Tuesday, May 18, 2010

The American Sociological Association Annual Election

I just spent close to an hour voting in the annual ASA election. I take all voting seriously as a general rule, so I never just choose people that I know and like, unless I can't make a distinction between candidates using another criteria.

For the national-level elections, my reasoning goes a little like this:

  1. My first criterion (and I will not budge on this): I do not vote for people who do not take the time to write a personal statement. I don't care how well I know you, how much I admire your body of scholarship, teaching, or service record, or whether you're kind of cute in your picture. I figure that if you don't have the time to sit down and tell the electorate why you think you would make a good candidate (in several sentences - I'm not looking for a speech), then I should give my vote to somebody who does take the time to do so.
  2. This does not mean that I vote for everybody who writes a personal statement. The statement earns you my attention, but then I actually take the time to read what you wrote. If you write something vague (e.g., "I want to increase diversity within the ASA.") I'm less likely to take you seriously than if you write something with more substance (e.g., "I am concerned that the leadership in ASA has represented 4-yr., doctoral granting institutions, and that the voices of ASA members at liberal arts, community colleges, and non-academic institutions are getting lost. I hope to use my position to increase institutional diversity within the ASA.").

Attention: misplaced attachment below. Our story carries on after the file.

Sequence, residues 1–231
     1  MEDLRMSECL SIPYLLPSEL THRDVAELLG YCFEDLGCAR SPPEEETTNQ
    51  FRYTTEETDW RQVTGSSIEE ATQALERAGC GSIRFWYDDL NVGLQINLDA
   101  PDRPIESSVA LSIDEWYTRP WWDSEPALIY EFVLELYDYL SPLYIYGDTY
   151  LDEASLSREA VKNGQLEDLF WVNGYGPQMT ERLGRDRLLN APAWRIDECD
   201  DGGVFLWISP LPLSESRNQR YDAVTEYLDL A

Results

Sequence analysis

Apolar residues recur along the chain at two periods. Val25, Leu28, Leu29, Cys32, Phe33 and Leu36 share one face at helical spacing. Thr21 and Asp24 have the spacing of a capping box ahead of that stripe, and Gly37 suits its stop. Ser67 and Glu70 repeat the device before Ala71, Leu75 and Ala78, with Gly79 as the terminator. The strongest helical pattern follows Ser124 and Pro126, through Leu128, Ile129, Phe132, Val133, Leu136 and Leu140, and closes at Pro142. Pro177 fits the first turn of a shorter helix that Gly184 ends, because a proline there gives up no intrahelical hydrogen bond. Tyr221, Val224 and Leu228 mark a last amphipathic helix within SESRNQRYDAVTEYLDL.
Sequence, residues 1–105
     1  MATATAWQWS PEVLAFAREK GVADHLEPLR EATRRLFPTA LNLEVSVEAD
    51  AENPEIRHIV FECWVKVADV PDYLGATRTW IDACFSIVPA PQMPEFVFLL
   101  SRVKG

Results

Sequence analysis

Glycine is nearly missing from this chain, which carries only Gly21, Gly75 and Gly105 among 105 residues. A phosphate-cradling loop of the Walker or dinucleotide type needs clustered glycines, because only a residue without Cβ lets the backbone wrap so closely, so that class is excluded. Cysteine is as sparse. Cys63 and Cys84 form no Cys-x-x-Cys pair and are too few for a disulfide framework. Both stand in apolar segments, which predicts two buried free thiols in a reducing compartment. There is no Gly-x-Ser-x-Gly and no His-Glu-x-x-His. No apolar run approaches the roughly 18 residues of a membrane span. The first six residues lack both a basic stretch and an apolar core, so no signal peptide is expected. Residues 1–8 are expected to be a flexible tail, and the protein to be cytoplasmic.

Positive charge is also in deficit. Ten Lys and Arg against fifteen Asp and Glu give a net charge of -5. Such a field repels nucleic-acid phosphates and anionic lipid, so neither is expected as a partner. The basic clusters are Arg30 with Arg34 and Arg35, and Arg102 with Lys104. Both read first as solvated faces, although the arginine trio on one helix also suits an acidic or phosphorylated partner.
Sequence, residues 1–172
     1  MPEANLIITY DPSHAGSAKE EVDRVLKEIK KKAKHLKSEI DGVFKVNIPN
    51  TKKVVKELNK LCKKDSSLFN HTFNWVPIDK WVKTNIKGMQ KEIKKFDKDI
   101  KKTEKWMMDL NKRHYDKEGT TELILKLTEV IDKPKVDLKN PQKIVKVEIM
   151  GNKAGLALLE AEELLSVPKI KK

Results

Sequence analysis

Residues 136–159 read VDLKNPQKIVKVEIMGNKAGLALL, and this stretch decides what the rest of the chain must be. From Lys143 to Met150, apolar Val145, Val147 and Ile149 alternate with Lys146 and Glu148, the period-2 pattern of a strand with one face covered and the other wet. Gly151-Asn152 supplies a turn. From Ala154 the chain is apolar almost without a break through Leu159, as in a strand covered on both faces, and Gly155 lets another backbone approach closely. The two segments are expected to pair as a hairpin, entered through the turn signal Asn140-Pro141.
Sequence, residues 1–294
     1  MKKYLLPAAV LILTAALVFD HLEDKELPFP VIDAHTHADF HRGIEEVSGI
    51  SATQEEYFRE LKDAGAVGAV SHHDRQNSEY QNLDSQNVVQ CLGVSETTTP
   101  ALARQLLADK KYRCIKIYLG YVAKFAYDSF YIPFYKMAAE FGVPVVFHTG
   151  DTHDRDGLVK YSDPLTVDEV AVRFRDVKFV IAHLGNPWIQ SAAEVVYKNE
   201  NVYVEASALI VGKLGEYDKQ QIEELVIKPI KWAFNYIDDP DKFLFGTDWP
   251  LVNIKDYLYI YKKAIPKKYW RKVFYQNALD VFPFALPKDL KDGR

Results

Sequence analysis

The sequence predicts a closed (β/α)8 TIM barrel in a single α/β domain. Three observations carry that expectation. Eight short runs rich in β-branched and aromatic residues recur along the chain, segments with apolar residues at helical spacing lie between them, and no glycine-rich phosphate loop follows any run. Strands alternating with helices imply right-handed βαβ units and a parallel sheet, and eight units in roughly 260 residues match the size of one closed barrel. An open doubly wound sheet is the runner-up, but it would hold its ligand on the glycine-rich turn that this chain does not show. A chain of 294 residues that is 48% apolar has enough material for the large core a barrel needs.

My reasoning differs for the section-level elections. For the section-level elections, only institutional affiliation, educational credentials, publications, and service are included - that means there's no personal statement (or picture). I find this much trickier. Here's a snapshot of this process, but this is less a "first/second" list than a "conglomeration of things I look at" list:

  1. Fortunately, I am more likely to be familiar with the scholarly work cited by the section candidates than national candidates, so sometimes I'm able to discern between people based on first-hand experience with their work.
  2. Educational credentials by themselves don't tend to impress me, but I am impressed when somebody has won teaching or research awards, especially for certain positions.
  3. As a last resort, when I know absolutely nothing about the candidates in question, I resort to looking at research and professional accomplishments and choosing the candidate who I think is doing interesting work. This is not my preferred method, but it's the best one I have in extreme situations.
In the end, a lot of this process ends up being subjective. The ASA is a large organization, and it's impossible to have first-hand knowledge of all nominees. How do you choose your ASA representatives?

Sunday, April 18, 2010

Why I'm No Longer a Fundamentalist Christian - Part III

Reason #2 - The Music

This post is not intended to bash Christian music - Christian music, like all musical genres, is filled with the talented and the not-so-talented. There was a time when I exclusively listened to Christian music, and I will always have a soft spot in my heart for Jars of Clay, Amy Grant, and Michael W. Smith. Like it or not, music heard during certain time periods has a visceral way of connecting us to memories, as I was strongly reminded of this last weekend when I ran across this song by Audio Adrenaline while searching around the radio dial. If you're not familiar with this song, be careful before you look it up on YouTube - it's quite catchy.